Eurus (2018) begins with “O Sleeper.” The last album ended with a flood bringing about cleansing change, and this album continues this idea of God changing us and the world in sometimes scary, unpredictable ways so as to overturn our sins to restore things as they should be. The song ends with: “By God, I’ll bloody up my hands/With everything I am/To cut away the mountains I’ve made/And fill the dales below.” This is a recommitment to the work of change, of becoming vulnerable and allowing God to chip away at them until real righteousness can flow out of us and restore us to our true nature. This is a glimpse of glorification, of humans in their perfected state and Earth itself made into the New Heavens and the New Earth. “Grow” points back to Notos’s “New River” and tells of how we must sit back and allow change to happen to us: “Get your feathers ruffled/You got a lot to learn, if you’d just settle down/And let the river run its course.”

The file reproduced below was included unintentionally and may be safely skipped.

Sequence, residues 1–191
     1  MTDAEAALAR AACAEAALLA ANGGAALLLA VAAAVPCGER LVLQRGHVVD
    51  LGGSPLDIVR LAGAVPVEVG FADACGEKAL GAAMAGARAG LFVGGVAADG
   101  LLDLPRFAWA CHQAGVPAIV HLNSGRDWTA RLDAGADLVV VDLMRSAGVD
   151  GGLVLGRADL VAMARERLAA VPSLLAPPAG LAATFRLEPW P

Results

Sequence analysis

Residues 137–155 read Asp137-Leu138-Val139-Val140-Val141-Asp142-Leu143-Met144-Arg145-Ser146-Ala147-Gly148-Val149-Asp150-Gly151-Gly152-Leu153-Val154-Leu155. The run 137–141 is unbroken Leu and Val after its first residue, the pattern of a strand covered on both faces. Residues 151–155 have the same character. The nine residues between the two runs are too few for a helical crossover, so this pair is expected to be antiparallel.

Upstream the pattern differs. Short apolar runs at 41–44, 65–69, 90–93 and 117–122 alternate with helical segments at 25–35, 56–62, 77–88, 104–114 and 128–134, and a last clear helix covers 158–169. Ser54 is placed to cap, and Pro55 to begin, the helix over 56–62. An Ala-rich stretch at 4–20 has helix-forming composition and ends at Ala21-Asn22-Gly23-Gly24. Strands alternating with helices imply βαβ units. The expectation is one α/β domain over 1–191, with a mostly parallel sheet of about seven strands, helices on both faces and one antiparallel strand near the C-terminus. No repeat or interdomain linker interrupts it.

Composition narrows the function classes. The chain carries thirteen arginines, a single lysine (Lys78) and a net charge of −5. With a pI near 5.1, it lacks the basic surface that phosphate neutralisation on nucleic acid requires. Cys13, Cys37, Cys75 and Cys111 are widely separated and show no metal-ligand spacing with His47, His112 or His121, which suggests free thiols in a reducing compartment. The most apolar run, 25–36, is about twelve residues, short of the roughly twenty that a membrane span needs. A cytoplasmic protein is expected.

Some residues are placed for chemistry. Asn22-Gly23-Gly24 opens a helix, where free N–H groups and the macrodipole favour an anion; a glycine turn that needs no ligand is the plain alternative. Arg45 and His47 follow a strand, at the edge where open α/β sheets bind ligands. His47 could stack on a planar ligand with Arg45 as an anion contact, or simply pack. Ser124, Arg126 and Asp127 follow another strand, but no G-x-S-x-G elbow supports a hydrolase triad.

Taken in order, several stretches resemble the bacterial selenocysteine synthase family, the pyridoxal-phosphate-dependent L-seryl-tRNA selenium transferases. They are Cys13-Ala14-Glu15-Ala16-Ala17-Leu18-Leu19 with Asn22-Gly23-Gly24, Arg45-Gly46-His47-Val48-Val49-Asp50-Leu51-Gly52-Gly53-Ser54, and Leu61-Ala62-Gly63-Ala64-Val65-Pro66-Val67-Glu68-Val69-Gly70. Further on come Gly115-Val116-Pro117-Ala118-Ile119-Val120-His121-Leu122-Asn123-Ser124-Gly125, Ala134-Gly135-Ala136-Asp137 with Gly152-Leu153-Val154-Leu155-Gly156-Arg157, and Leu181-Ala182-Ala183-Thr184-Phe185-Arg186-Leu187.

“Passerine” ends the album by bringing to the forefront what has been lurking in the background of the past two albums: critiques of the modern American church. “Passerine” muses on how the narrator’s fellow Christians have become like the dominant culture. They are compared to “centurions,” who are building the fires for “that Greco-Roman dream” (= American Dream). The narrator laments that while she thought she was following Christ, she realizes that by following these legalistic and hypocritical Christians, she “can’t shake this feeling that I was only/Pushing the spear into your side again.” The song ratchets up to a loud, anthemic chorus with the whole band sing-screaming: “When he comes a-knocking at my door/What am I to do, what am I to do, oh lord?/When the cold wind rolls in from the north/What am I to do, what am I to do, oh lord?” The sound is of overwhelming fear. Like the scariness of the flood/baptism change at the end of Notos, Eurus also ends with spiritual anxiety, a fear of God and what he’s going to do with us and our sin. It is the sound of a guilty conscience hearing the judge’s footsteps round the corner. The mention of the “cold wind” ushers in Boreas.